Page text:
p38 MAPK immunoblotting

Approximately 750 L1 stage worms were grown in a single well of a 48 well plate containing 150 µL S media [42] and E. coli OP50. When worms had reached the L4 to young adult stage, glucose was added to 100 mM and either 20 mM HEPES (pH 8.0) or Cry5B dissolved in 20 mM HEPES (pH 8.0) to give a final concentration of 100 µg/mL was added. After one hour, worms were removed, centrifuged, and 175 µL of media was removed. Twenty five µL of 2× sodium dodecyl sulfate loading buffer was added, and worms were boiled for 5 minutes. Ten microliters of lysate were used for immunoblotting. Monoclonal antibody to phospho P38 MAPK (Cell Signaling Technology cat. no. 9215) was used at 1∶300 and monoclonal antibody to α-tubulin (Sigma-Aldrich cat. no. T6199) was used at 1∶4000.


L4 stage glp-4(bn2) and glp-4(bn2);xbp-1(zc12) worms were used for this experiment. Approximately 80,000 worms of each strain were used for both control and Cry5B treatments. Control plates consisted of 100 mm plates spread with E. coli that did not express Cry5B, while Cry5B treatments consisted of plates in which 100% of the E. coli expressed Cry5B. Approximately 20,000 worms were used per plate. Worms were fed on the bacteria for 6 hours at 20°C. For details of mass spectrometry, please see Protocol S1.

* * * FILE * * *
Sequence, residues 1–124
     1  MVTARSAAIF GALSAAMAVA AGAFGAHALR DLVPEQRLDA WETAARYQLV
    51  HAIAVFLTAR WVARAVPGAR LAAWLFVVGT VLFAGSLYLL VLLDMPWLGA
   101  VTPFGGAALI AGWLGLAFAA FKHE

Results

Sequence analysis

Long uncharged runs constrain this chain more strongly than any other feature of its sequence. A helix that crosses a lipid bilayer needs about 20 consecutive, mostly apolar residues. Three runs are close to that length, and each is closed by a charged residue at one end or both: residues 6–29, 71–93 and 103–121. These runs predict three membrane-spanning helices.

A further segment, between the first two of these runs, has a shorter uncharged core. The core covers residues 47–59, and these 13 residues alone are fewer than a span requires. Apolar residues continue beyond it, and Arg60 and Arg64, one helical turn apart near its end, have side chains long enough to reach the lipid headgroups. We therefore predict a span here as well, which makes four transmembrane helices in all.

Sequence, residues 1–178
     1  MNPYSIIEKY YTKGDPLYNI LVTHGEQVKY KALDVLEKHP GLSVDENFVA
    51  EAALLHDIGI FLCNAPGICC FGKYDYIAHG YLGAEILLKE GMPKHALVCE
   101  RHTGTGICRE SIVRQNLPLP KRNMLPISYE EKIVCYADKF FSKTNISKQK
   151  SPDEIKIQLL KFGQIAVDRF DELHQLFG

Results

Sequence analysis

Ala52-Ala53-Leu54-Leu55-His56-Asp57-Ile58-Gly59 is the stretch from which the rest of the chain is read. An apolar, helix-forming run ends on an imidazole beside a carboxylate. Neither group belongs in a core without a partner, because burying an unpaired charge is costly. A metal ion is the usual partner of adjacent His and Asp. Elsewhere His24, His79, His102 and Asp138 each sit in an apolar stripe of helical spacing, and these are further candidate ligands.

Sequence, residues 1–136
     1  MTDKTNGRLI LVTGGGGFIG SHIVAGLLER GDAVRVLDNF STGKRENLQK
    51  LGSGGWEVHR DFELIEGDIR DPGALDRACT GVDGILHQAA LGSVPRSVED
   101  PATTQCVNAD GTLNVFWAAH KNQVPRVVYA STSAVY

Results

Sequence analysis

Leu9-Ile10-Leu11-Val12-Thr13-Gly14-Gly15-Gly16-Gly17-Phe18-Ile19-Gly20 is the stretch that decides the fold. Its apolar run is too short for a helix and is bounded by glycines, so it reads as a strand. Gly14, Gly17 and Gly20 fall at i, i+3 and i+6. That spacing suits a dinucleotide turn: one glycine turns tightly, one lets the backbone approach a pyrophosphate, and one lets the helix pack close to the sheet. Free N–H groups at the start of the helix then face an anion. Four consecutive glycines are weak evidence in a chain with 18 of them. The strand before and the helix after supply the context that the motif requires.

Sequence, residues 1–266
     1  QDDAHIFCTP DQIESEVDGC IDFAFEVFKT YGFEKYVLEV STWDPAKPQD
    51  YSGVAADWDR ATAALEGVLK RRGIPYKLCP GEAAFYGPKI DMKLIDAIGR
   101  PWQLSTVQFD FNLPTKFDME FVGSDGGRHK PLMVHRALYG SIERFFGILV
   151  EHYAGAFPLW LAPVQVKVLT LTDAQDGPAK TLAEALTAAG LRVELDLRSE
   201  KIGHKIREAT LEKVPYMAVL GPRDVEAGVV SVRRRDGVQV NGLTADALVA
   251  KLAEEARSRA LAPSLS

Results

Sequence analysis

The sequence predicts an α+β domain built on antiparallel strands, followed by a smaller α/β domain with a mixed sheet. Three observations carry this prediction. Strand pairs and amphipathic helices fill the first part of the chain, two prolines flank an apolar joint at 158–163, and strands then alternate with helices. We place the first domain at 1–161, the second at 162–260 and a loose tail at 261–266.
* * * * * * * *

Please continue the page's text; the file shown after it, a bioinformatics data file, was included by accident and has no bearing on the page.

Data analysis

All experiments were performed a minimum of three times. LC50 values were determined by PROBIT analysis [43]. The lethal concentration assays are represented graphically using nonlinear regression performed with the software GraphPad Prism. Statistical analysis between two values was compared with a paired t-test. Statistical analysis among three or more values was compared with matched one way ANOVA using the Tukey post test. Lifespan data was analyzed with Kaplan-Meier survival curves. Statistical significance was set at p<0.05.


We are grateful to Danielle Huffman for help with the sek-1 LC50 experiment. Strains used within this publication were provided by the Caenorhabditis Genetics Center. The plasmid pPD95.75 was obtained by courtesy of Andrew Fire through Addgene.

Author Contributions

Conceived and designed the experiments: LJB RVA. Performed the experiments: LJB CYK FCOL MRG ZS. Analyzed the data: LJB CYK ZS SPB FGvdG RVA. Wrote the paper: RVA.